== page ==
The same institutions are responsible, particularly since the September 11 terror attacks and the launching of the "war on terror," for making "Muslim" synonymous with "terrorist." Untold numbers of Muslims and Arabs have been detained, interrogated and deported since 2001.
The mainstream media and the political elite have been enthusiastic partners in whipping up a racist frenzy about the supposed Muslim terrorist threat. They are the ones who should take Obama's words about soul-searching to heart--the policymakers in the Obama administration (and Bush's, and every administration before that), and the media executives whose TV news channels nightly portray Blacks as criminals and whose newspapers promote fear of Arabs and Muslims and celebrate the invasions of their countries of origin.
Another contributing factor to the climate of racism today has been the behavior of the right wing during the 2008 election campaign and after.
As it became clear that their bid for the presidency was a losing one, the 2008 Republican ticket of John McCain and Sarah Palin increasingly invoked racism to attack Barack Obama and mobilize the hard-core right wing of the party.
McCain rallies became notorious as places where Nazis were welcome and calls for the murder of Obamawere tolerated. Meanwhile, right-wing media personalities like Glenn Beck and Sean Hannity preached a doomsday scenario if a Black man actually became president. On the night Obama was elected, racists burned a Black church to the ground in Springfield, Mass.--one of many on a list of hate crimes that coincided with Obama's election.
Yet the Obama administration has been virtually silent about the rise of hate crimes and the climate of open racism tolerated in American politics. All of these things set the stage for the latest racist killings.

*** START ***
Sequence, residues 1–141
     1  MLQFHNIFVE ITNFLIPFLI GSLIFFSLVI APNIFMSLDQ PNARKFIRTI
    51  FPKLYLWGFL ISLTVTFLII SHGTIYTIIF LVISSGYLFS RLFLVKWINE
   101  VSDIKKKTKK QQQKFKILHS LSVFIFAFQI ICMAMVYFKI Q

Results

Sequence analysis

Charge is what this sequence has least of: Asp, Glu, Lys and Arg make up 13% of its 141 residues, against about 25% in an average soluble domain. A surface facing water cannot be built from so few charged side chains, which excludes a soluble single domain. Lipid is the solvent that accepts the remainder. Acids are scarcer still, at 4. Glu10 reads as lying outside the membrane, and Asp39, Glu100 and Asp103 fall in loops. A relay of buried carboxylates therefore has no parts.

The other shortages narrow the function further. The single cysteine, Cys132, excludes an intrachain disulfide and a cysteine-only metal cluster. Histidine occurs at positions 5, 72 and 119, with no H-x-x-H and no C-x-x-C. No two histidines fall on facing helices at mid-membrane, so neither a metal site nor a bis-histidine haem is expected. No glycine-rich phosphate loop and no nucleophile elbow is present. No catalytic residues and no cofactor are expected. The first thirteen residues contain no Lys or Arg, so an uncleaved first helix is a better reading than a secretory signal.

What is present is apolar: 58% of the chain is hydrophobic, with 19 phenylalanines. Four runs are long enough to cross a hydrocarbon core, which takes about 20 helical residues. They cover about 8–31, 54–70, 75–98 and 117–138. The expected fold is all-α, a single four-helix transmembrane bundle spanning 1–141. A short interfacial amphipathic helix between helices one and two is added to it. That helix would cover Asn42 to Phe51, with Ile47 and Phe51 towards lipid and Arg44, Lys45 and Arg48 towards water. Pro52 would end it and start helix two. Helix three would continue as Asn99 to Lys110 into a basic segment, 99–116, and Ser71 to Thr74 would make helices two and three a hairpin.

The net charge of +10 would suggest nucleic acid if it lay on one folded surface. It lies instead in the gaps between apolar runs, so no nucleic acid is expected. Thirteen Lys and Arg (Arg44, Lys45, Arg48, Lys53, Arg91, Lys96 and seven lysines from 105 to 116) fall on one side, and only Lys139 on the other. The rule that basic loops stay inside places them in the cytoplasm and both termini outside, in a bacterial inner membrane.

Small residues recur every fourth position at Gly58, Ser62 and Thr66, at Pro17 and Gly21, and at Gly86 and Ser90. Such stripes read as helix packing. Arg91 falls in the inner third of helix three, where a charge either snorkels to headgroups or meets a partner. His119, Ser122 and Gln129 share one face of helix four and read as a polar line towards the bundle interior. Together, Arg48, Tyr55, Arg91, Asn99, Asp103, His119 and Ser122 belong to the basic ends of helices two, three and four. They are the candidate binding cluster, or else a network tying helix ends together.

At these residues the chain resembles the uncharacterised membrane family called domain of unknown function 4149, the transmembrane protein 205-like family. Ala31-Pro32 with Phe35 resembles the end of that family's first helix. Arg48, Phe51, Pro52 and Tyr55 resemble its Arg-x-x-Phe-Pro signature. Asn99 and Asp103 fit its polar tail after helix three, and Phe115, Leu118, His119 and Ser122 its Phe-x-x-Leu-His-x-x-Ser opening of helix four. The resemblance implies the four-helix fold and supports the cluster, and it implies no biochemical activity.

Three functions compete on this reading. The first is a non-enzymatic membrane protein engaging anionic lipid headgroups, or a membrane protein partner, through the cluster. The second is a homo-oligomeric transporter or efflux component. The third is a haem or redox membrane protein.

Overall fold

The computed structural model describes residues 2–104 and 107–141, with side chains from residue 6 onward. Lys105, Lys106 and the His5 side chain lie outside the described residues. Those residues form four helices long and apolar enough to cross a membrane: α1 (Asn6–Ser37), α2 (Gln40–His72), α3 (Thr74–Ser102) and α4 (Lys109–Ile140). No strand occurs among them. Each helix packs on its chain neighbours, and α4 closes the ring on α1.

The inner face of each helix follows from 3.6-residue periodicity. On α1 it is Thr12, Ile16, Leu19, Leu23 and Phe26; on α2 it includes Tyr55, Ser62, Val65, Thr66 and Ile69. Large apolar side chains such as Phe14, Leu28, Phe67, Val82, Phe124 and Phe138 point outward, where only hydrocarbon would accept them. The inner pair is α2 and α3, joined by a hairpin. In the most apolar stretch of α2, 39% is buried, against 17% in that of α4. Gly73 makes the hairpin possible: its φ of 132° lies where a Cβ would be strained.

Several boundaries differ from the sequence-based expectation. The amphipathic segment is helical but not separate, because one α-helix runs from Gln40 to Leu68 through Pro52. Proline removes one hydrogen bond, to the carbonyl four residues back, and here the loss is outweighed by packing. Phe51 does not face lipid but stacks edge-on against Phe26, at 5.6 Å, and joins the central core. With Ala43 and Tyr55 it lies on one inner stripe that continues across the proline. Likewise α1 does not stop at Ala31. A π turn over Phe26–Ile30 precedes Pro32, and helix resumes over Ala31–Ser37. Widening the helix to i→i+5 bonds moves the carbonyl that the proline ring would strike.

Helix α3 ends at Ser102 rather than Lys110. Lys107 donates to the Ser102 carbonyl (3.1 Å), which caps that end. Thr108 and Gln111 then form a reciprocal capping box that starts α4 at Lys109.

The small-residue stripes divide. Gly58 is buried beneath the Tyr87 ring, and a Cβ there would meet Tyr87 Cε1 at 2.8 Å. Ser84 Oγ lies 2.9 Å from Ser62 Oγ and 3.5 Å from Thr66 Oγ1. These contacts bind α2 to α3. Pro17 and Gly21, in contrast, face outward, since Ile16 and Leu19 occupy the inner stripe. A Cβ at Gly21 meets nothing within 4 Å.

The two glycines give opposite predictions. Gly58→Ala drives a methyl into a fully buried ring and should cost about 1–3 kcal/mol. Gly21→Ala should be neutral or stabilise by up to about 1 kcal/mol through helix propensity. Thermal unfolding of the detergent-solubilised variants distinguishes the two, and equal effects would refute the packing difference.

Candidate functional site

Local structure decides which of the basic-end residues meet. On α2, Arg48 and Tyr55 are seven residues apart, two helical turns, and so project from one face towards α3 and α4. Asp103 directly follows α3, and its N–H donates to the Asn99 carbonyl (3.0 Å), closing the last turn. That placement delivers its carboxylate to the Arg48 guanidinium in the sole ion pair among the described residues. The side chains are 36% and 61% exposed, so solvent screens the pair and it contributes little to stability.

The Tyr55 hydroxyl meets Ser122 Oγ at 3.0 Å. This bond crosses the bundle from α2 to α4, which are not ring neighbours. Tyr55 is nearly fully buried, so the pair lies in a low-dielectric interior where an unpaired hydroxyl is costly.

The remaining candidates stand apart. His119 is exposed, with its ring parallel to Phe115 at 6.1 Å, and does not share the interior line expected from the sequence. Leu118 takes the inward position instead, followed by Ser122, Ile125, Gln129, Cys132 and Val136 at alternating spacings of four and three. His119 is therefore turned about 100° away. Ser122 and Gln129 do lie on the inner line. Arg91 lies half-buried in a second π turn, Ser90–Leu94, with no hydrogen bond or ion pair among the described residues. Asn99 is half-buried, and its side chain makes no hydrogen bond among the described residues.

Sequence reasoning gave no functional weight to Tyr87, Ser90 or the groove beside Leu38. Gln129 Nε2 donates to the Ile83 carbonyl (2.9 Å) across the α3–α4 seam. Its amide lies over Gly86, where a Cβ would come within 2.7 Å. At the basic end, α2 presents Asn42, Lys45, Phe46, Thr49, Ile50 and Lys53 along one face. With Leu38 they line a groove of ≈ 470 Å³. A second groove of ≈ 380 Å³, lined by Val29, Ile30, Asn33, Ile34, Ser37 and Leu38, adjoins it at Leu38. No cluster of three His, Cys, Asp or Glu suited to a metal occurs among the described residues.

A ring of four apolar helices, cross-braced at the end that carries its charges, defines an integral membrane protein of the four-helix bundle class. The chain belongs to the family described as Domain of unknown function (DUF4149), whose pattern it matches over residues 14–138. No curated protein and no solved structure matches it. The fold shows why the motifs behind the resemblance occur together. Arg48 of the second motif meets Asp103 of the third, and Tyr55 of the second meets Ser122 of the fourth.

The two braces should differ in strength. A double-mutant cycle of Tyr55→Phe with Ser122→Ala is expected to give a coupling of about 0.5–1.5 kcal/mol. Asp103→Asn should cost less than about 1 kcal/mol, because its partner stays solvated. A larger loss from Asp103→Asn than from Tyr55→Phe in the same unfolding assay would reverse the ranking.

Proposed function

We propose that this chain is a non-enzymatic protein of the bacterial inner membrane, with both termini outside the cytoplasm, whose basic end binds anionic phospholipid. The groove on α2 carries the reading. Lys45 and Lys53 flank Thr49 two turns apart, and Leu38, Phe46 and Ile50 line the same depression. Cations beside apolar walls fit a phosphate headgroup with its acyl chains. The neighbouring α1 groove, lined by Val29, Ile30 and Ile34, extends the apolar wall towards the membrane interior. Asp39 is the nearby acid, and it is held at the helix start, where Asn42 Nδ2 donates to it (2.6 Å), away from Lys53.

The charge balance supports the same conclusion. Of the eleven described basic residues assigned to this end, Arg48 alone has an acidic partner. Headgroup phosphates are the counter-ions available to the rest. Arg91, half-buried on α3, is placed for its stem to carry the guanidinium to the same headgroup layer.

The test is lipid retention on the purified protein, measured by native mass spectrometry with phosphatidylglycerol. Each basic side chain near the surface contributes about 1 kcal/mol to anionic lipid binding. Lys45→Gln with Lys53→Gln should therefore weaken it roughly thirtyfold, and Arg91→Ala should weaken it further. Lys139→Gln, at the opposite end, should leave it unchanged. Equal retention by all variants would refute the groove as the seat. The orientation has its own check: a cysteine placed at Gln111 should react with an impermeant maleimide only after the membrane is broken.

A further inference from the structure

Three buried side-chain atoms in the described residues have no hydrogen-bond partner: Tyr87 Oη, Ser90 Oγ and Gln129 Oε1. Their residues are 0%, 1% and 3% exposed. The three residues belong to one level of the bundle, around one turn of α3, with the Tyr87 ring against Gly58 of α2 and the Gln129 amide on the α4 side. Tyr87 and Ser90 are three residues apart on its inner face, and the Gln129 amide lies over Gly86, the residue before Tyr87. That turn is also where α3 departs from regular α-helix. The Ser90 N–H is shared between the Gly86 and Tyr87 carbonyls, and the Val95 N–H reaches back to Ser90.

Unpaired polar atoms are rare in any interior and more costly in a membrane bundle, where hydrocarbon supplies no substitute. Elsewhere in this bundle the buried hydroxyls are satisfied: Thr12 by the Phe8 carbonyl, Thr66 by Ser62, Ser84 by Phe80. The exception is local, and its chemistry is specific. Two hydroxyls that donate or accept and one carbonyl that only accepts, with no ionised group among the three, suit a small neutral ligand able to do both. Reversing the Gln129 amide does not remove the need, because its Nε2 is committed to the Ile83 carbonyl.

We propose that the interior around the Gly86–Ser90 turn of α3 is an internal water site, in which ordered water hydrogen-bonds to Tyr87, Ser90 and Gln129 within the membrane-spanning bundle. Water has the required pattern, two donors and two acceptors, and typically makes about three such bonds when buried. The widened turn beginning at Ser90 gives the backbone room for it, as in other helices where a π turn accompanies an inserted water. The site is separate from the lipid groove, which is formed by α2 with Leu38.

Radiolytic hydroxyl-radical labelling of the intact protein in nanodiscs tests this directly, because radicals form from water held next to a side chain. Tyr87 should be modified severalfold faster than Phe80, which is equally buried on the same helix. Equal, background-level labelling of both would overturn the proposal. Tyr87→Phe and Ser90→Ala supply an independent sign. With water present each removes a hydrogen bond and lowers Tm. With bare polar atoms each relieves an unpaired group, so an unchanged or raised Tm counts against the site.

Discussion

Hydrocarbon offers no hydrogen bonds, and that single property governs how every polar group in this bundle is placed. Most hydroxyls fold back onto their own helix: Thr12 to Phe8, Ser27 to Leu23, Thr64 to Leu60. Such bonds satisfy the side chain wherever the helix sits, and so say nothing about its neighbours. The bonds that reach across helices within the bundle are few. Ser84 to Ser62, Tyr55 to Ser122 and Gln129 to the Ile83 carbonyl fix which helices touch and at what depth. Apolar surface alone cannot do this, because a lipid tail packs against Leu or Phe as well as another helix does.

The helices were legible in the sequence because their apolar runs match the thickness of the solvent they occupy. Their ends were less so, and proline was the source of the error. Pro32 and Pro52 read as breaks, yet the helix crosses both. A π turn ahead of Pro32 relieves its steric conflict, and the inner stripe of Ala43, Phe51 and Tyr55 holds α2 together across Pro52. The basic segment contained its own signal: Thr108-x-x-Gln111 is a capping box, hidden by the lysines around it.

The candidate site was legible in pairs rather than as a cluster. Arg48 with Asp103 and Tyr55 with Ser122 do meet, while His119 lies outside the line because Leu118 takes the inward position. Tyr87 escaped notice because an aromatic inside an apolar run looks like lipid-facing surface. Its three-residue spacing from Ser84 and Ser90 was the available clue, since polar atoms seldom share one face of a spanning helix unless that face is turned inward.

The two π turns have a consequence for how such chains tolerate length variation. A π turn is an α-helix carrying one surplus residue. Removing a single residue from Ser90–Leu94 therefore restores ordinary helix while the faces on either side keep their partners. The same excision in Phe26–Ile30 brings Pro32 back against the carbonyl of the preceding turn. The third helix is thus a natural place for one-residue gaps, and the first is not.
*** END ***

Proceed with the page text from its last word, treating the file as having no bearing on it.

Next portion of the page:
IT'S IRONIC that African Americans on the one hand and Arabs and Muslims on the other are cast as the violent threats to an otherwise peaceful American society. It's obvious to anyone paying attention that these groups are subjected to violence.
Among the tragic aspects of Shaima's murder this month is the fact that she and her family emigrated here from Iraq, a country made barely habitable by two--count them, two--U.S. invasions in the last quarter century and an occupation that falls on the list of crimes against humanity in world history.
Together, these killings are revealing a nightmare of a society, with racist violence as a feature of daily life.
That racism must be rooted out. As disturbing as the news has been over the past few weeks, the antiracist solidarity that is growing in response to these crimes is very heartening. There have been rallies and marches across the country demanding justice for Trayvon Martin, and people everywhere are using social media to communicate about the killings and show solidarity with victims of racism.
There is nothing new about the police murder of unarmed Black people or hate crimes against Blacks, Arabs and Muslims. What is inspiring today is that many people are drawing a line with these recent incidents--and deciding that they will not go unchallenged.
Justice for Trayvon and Shaima will require far more than the arrest and prosecution of their killers. We have a whole set of racist institutions to take on and destroy. As anti-racists, we need to take these killings as a call to action and this moment as an opportunity to revive a tradition of relentlessly fighting oppression.
If racism is a central feature of U.S. history, struggle against it has been as well. We must rebuild, deepen and strengthen that struggle.